In formulating drug use and addiction in disease terms, however, progressives have preserved essential elements of America’s temperance, anti-substance use, platform. In this viewpoint, substance use is at its heart a negative experience that must be avoided while compulsive usage patterns (addiction) are beyond people’s control and require external (spiritual and medical) interventions. In this framework, the first public assault on AA as ineffectual balderdash was presented to progressives circa 2015 (in The Atlantic, which is like other progressive organs befuddled by the swirling waters of addiction and its own values). But the critique was couched entirely in the context that a chemical treatment that reduced a person’s alcohol consumption (naltrexone) was viable in replacing AA. This comprises a vision of alcoholism and treatment equally as delusional as AA’s.

Medication-Assisted Addiction Treatment. Medications used in dealing with opioids are of two types: agonists, which duplicate the effects of opioids, and antagonists, which block them. The three primary such medications are buprenorphine, methadone, and naltrexone. (The use of these drugs is distinct from naloxone, commercially sold as Narcan, an antagonist which is used in emergencies to reverse the effects of opioids.) Buprenorphine and especially methadone are agonists, and naltrexone an antagonist. Suboxone combines buprenorphine with naloxone.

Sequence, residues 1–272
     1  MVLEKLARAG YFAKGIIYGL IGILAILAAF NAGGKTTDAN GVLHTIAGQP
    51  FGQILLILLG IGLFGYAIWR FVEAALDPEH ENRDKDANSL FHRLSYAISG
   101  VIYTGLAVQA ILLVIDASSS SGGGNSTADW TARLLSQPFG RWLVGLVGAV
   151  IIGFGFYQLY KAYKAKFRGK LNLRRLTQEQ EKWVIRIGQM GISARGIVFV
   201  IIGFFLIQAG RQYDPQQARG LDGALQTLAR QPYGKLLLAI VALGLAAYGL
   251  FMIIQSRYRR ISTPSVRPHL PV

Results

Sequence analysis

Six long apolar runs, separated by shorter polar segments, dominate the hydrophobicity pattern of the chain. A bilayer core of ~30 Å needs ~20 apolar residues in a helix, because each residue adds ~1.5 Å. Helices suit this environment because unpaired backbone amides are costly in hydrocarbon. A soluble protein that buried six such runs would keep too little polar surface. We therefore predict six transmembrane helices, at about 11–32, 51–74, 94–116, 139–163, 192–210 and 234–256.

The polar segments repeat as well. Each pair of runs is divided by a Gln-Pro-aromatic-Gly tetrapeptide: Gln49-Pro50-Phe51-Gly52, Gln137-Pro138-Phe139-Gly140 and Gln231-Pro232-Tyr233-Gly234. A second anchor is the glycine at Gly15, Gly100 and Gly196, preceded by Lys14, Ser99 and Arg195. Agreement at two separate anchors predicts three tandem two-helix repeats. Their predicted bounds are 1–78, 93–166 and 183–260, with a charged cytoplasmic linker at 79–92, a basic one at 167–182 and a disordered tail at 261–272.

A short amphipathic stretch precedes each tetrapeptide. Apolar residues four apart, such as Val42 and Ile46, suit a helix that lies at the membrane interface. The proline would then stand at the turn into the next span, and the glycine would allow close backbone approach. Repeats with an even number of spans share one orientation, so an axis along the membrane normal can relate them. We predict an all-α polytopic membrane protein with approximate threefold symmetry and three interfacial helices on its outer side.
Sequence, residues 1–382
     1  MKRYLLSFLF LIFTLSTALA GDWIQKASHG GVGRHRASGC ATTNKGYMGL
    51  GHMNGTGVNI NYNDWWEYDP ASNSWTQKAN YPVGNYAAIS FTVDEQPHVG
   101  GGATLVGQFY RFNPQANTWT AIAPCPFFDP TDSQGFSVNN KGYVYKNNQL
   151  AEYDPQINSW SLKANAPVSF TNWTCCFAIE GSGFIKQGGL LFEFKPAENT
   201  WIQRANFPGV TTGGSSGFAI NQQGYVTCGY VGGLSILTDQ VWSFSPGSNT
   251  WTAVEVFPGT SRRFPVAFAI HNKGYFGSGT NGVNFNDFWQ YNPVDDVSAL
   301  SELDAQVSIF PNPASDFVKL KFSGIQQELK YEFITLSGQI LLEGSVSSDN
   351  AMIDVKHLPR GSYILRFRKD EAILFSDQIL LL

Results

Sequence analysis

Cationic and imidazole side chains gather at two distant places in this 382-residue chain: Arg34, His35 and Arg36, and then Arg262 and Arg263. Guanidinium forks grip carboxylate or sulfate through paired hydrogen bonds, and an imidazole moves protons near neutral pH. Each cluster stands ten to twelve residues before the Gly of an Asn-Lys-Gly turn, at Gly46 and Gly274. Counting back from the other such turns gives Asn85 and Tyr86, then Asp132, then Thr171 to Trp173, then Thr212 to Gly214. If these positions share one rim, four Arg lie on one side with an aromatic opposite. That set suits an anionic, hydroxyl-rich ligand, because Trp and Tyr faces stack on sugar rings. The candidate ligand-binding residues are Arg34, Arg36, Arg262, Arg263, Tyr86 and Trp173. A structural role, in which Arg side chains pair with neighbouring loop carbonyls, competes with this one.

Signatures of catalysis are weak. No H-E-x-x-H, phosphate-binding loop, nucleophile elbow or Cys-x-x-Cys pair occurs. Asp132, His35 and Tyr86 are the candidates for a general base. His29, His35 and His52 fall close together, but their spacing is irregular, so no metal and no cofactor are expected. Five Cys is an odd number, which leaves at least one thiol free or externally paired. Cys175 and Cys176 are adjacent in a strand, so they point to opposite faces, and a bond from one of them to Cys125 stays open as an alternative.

Not satisfied with the term “assisting,” prominent influencers in the field like Maia Szalavitz upped the ante in renaming use of such medications “medications for (treating) opioid use disorder” — MOUD.

The Effectiveness of MOUD. A series of studies with populations administered methadone and buprenorphine has found that those receiving these agonists survive better and are less likely to relapse while receiving the medications. Their use (and Narcan’s) is now widespread, although also spotty (for example, in rural areas). Nonetheless, large treatment chains advertise on billboards and administer buprenorphine and Suboxone around the US.

As use of MOUD (and Narcan) have grown, we might expect drug deaths to decrease. In fact they have continued to rise precipitously.  What accounts for this paradox? Simply that most people on MOUD cease taking them in a relatively short period. Not only are they no longer receiving the benefits measured in controlled studies; they may be more likely to relapse because they have been taught to discount their own behavioral self-control. Even when buprenorphine cessation is therapeutically planned, relapse rates are high, along with drug deaths. This phenomenon is particularly pronounced for socially disadvantaged, less educated Americans, when it is labeled “deaths of despair.”

In this context of reported success in combating opioid addiction and easier and wider availability and greater acceptance of buprenorphine, the accessing and retention of MOUD by patients remains shockingly low and is currently decreasing.